They also failed to ask the nice solicitor whether his firm would conduct a thorough search on the property and the financial circumstances surrounding it! How do we know what level of search is conducted unless we ask? We cannot assume that standards are the same as those of our own country.

And what of the purchaser who does not want to pay their transfer tax? There are probably in excess of 130,000 people who are awaiting their Title Deeds. Many have waited for over a decade and may not wish to pay this additional tax, particularly if they are to be fined for any improvements and additions they have made to their property over these intervening years! Transfer tax is an unfair tax in that it cannot be predicted when it is due. It is also open to corruption, both from the purchaser/seller and the state. In addition there is no compunction to accept your Title Deeds.

Would it not be better to increase stamp duty (an incorruptible system because the revenue from the stamp purchase goes directly to the government) a little because a “little of something is better than a lot of nothing”. Stamp duty is also collected at time of purchase not at some indeterminate later date when titles are transferred. Those property purchasers who did not want to pay transfer tax would no longer have any incentive to delay or obstruct.

Finally, the government needs to take its share of the blame. But wait a moment, which government? This problem has been going on for many years, but the advent of the Internet has meant that this dirty washing is now being thoroughly aired world-wide, and the uncertainty of the economy has caused panic amongst those who now know that their properties are at risk. Certainly, to my recollection, there were incidents of developer malpractice dating back at least 12 years.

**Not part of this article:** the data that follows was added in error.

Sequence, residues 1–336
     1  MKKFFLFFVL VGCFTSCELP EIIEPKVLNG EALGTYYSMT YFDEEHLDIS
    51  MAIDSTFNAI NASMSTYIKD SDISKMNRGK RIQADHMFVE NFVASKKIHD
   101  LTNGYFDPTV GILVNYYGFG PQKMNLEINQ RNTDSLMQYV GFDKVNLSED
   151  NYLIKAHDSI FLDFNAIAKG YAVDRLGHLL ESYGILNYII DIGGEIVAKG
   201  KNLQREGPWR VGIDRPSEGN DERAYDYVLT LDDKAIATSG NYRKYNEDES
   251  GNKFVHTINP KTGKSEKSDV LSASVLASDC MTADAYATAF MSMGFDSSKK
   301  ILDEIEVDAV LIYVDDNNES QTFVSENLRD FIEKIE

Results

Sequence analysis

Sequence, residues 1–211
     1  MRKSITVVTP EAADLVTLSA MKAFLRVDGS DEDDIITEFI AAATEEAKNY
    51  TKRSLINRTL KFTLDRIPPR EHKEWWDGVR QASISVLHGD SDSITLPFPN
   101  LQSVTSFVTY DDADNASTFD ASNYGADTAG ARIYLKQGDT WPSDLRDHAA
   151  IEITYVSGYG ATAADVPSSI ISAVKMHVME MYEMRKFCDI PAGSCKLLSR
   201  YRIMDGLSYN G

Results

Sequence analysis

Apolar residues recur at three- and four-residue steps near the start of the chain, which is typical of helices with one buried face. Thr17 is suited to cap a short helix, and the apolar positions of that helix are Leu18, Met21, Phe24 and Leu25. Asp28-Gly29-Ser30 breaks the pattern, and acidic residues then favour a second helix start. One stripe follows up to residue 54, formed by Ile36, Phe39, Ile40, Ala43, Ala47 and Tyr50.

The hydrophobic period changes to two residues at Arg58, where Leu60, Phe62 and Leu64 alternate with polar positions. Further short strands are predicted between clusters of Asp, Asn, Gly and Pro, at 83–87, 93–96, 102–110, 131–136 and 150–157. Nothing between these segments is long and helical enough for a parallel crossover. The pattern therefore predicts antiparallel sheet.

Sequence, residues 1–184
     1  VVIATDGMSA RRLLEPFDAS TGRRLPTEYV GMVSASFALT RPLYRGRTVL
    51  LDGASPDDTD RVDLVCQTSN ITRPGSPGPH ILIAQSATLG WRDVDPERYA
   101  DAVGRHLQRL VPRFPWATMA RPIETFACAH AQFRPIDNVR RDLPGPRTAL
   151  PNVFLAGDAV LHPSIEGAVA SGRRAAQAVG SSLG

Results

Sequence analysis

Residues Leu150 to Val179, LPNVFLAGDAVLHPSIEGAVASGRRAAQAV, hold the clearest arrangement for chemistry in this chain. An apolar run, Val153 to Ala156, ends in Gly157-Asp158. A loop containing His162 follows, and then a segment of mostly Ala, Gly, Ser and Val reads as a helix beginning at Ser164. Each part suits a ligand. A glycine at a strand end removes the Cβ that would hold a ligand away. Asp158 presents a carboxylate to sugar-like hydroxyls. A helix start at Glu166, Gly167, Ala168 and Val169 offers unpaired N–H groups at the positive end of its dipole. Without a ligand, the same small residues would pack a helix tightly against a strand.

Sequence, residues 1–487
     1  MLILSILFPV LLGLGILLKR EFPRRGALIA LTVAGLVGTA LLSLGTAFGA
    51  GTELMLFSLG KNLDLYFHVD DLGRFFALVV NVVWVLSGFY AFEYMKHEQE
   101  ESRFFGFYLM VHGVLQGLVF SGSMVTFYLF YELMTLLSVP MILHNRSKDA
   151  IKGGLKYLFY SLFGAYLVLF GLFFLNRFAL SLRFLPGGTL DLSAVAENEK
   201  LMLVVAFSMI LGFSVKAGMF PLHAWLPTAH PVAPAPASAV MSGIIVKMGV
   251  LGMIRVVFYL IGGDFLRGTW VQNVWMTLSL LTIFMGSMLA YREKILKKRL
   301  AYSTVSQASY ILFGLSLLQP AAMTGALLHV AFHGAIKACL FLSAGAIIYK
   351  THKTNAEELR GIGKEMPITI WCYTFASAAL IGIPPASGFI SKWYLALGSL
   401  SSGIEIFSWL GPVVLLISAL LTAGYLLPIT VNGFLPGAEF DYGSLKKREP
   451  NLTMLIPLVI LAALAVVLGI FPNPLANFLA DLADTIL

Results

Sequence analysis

And how many governments have tried to address this problem and introduce legislation in an attempt to improve the credibility of the property market? Only one: the current AKEL led administration. However their attempts to drive the five complex strands of legislation through Parliament are continuously obstructed by special interest groups leaning on Members of Parliament to support their vested interests. It is not the government who should take all the blame – indeed they have tried to do something about it – but parliamentarians. They have failed to realise that, in their bid for popular support, they have put the future of Cyprus’ property market and indeed the economy at risk.

In the same way that the UK property market is dependent on first time buyers the Cyprus property market is dependent on foreign buyers because its domestic market is not large enough to stimulate a recovery. The foreign market was traditionally dominated by British purchasers who fell in love with this island on frequent holidays. Other nationalities, notably the Russian market, are being touted, but, guess what? The Russians use the Internet as well and are increasingly cautious. We now have a prophecy which has become self fulfilled!

(Name and address withheld)

Readers' comments

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  • aluminum extrusion says:

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  • out of the frying pan into the fire says: